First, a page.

Poplars provide shade and in dry summers like the one just past, an alternative source of feed; during winter though they lose their leaves allowing the grass to grow unshaded. PHOTOS/GIANINA SCHWANECKE
As part of a six-month research project towards her Master of Journalism, GIANINA SCHWANECKE looks at concerns that government policy is driving afforestation of productive farmland. This week she speaks to farmers to understand the relationship between farming and forestry.
Nestled between Gladstone and Martinborough, scattered between family farms and lifestyle blocks, you’ll find Waikoukou, a 460-hectare farm where I’m meeting third generation farmer Peter Gawith.
As the Toyota Landcruiser hauls us up and down winding hill country farm tracks, it’s clear to see why tree planting is such a necessary part of farm planning here.
Heavy rainfall can wash away huge chunks of hillside and grazing land, destroying key infrastructure such as farm tracks and fence lines or deposit sediment into waterways.
After a large rain event in 1977, he lost about 20 per cent of the hill country to slips.
If he couldn’t protect the hill country, he would lose the farm.
As we climb, he points to towering pines, poplars, and eucalyptus trees which have secured the hillside – like “concrete and steel”.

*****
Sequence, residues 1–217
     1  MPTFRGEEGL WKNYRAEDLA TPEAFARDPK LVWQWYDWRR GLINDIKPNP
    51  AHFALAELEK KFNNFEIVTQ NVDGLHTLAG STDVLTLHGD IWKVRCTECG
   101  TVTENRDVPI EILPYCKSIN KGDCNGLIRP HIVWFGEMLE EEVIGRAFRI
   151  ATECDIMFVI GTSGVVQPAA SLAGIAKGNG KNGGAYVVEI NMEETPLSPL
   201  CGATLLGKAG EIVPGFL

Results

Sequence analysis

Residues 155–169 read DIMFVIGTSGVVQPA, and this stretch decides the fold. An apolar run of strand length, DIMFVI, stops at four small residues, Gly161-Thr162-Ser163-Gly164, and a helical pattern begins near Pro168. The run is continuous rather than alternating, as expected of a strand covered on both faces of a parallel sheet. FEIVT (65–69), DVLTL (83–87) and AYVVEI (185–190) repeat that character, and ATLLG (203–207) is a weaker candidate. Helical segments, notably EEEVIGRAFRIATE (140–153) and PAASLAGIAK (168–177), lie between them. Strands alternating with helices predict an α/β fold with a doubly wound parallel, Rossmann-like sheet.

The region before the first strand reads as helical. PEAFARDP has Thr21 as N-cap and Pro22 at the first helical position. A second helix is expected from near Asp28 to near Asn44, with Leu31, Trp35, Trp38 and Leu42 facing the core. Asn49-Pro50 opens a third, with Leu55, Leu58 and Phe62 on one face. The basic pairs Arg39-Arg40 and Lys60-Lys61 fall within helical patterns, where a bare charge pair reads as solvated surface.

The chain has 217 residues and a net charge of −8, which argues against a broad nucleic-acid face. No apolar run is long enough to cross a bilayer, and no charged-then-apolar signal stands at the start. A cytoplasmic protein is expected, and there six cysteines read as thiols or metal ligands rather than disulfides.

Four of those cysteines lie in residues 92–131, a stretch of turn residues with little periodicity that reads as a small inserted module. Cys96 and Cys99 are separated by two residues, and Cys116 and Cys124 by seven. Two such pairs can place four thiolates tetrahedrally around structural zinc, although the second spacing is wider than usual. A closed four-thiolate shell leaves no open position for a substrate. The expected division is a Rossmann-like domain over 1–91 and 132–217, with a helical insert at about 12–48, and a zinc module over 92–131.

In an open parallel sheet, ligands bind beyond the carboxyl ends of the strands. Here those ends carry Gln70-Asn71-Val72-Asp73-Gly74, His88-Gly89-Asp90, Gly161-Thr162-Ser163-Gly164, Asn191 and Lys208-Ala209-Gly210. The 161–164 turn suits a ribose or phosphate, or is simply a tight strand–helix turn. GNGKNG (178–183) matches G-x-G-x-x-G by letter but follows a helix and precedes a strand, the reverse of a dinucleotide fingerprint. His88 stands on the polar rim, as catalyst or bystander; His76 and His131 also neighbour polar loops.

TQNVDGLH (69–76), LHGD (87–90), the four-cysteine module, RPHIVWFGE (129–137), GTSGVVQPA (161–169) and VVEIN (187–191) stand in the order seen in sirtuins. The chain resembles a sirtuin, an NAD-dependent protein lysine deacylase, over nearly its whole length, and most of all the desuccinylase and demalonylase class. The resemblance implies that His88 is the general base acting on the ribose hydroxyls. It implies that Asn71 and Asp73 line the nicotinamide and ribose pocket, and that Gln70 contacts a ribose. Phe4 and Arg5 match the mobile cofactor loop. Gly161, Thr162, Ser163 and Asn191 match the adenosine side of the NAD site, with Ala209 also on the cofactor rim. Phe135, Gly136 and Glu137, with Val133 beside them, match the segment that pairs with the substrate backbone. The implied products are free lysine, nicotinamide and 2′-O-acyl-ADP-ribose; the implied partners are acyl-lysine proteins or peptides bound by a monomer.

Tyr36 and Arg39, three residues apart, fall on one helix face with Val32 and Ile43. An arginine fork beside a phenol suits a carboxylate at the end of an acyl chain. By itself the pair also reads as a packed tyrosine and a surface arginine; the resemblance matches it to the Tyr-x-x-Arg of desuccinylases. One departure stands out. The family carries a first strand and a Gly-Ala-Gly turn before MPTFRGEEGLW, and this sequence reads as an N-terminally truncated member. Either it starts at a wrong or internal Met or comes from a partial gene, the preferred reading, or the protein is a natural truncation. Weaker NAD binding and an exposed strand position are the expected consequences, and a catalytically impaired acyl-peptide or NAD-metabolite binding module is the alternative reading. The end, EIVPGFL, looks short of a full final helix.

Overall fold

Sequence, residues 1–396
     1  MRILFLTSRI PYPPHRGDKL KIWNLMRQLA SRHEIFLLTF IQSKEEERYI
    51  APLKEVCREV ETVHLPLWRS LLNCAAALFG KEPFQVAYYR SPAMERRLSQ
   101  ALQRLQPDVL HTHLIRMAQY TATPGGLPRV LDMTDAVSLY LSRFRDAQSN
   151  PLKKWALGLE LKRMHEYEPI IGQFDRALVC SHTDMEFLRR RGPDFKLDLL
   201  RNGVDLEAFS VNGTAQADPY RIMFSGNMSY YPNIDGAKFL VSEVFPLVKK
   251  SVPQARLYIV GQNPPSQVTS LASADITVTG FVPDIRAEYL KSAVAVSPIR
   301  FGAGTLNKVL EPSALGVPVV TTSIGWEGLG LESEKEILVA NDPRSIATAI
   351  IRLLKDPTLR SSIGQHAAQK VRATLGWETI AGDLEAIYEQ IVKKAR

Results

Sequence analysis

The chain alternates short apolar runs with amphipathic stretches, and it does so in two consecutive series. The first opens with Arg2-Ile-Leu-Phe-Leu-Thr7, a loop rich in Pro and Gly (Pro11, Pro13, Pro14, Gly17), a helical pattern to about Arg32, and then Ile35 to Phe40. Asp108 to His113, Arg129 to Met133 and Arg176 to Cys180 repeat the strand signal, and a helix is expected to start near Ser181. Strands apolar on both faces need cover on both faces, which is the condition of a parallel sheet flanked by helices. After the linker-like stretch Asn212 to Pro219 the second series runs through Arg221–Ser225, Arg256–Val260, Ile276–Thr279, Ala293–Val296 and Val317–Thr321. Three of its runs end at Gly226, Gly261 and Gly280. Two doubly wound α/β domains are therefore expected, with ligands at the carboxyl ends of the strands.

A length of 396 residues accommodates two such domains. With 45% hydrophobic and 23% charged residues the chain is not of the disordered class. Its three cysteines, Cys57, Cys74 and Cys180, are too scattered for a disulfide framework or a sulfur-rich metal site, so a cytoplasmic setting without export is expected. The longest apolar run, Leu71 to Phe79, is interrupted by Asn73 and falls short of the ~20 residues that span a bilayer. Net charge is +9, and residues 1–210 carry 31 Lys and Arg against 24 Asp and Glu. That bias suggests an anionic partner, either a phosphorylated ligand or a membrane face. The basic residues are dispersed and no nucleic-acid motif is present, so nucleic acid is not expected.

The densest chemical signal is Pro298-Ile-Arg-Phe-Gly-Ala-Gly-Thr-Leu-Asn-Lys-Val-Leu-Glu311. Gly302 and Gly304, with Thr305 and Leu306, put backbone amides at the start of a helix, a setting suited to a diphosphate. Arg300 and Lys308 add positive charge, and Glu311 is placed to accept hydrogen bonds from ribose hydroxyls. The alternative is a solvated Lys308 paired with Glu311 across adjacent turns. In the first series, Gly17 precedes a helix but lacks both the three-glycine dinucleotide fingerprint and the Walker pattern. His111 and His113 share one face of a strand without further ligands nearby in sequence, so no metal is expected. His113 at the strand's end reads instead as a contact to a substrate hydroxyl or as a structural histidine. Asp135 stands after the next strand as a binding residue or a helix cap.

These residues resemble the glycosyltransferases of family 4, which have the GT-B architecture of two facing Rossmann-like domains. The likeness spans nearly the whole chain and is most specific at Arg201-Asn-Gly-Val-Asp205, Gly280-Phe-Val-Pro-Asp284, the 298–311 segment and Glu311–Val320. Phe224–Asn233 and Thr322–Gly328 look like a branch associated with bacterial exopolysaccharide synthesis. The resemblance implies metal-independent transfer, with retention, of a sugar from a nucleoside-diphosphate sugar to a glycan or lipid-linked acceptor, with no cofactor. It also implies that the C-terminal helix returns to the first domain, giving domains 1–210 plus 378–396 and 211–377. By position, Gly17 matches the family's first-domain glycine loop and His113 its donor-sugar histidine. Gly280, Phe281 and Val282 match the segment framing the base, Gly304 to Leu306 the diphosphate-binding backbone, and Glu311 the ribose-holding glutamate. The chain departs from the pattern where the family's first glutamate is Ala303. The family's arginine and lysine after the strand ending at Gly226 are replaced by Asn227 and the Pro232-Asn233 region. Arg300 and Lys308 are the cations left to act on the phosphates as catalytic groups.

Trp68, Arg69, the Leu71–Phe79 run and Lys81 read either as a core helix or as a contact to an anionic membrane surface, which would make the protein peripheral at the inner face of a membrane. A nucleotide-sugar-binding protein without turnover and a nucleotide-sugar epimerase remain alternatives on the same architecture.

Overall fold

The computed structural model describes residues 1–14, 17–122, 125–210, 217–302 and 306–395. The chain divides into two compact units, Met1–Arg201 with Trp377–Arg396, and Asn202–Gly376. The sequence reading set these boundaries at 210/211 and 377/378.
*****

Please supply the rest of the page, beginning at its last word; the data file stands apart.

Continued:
“We have better than 60 per cent coverage of the property in terms of our vulnerable soils and don’t have the level of discharge.”
Strategically planted and spaced 15-20 metres apart, the trees allow for dual land use purposes and stock grazing.
They provide shade, and in dry summers like the one just past, an alternative source of feed; during winter though they lose their leaves allowing the grass to grow unshaded.
A hard wood variety, they also earn carbon credits Emissions Trading Scheme.
“Poplars have twice the root strength of pine trees,” he says.
“And underneath we’ve got a livestock operation underneath, whereas pine is just pine.”
A small portion of the property has been planted in pine though – some blocks are even on their second rotation.
“It’s really the class of land we can’t protect with our two-tier system, so we’ve retired it completely. For every bit of land I’ve retired, I’ve never lost a stock unit.”
He says land use should be kept “as open as possible”.
“You have to be so flexible because every year is different. It’s about adapting to the needs of the environment and the economy.”
Some plantation pine was important for diversity in case of biosecurity threats such as foot and mouth disease or M. bovis.
On the other hand, pine diseases or forest fires could also impact forest-only blocks.
“That’s why it comes down to ‘right tree, right place’. Planting trees and having plantation forestry on the farm is important, but not the whole farm.”
Gawith tells me there has been a lot of farmer angst about whole farms being sold for forestry, with the ETS changing how land is valued, distorting the price, and making carbon farming more lucrative
“It will hurt us in the future; the farms that went for sale in the northern Wairarapa were very often stepping stone farms for young farmers.”